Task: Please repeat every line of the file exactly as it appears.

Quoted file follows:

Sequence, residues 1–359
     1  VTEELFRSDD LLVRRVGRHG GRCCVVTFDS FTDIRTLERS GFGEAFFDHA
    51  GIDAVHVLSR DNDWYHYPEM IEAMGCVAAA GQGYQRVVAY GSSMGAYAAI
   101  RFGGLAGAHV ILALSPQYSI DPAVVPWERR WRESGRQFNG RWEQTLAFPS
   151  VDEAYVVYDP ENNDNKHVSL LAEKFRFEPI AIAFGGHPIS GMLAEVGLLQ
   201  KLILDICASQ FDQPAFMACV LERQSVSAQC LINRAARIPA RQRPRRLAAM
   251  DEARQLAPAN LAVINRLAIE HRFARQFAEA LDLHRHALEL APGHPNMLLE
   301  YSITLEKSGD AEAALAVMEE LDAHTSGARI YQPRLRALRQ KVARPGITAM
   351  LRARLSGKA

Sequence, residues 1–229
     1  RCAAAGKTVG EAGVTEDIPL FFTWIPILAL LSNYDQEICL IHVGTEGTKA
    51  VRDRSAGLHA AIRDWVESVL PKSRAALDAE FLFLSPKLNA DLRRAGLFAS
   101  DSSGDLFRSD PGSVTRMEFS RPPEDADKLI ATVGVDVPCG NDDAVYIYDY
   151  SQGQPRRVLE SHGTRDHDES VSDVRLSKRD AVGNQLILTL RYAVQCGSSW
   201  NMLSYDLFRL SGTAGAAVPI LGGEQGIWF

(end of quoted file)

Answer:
Sequence, residues 1–359
     1  VTEELFRSDD LLVRRVGRHG GRCCVVTFDS FTDIRTLERS GFGEAFFDHA
    51  GIDAVHVLSR DNDWYHYPEM IEAMGCVAAA GQGYQRVVAY GSSMGAYAAI
   101  RFGGLAGAHV ILALSPQYSI DPAVVPWERR WRESGRQFNG RWEQTLAFPS
   151  VDEAYVVYDP ENNDNKHVSL LAEKFRFEPI AIAFGGHPIS GMLAEVGLLQ
   201  KLILDICASQ FDQPAFMACV LERQSVSAQC LINRAARIPA RQRPRRLAAM
   251  DEARQLAPAN LAVINRLAIE HRFARQFAEA LDLHRHALEL APGHPNMLLE
   301  YSITLEKSGD AEAALAVMEE LDAHTSGARI YQPRLRALRQ KVARPGITAM
   351  LRARLSGKA

Sequence, residues 1–229
     1  RCAAAGKTVG EAGVTEDIPL FFTWIPILAL LSNYDQEICL IHVGTEGTKA
    51  VRDRSAGLHA AIRDWVESVL PKSRAALDAE FLFLSPKLNA DLRRAGLFAS
   101  DSSGDLFRSD PGSVTRMEFS RPPEDADKLI ATVGVDVPCG NDDAVYIYDY
   151  SQGQPRRVLE SHGTRDHDES VSDVRLSKRD AVGNQLILTL RYAVQCGSSW
   201  NMLSYDLFRL SGTAGAAVPI LGGEQGIWF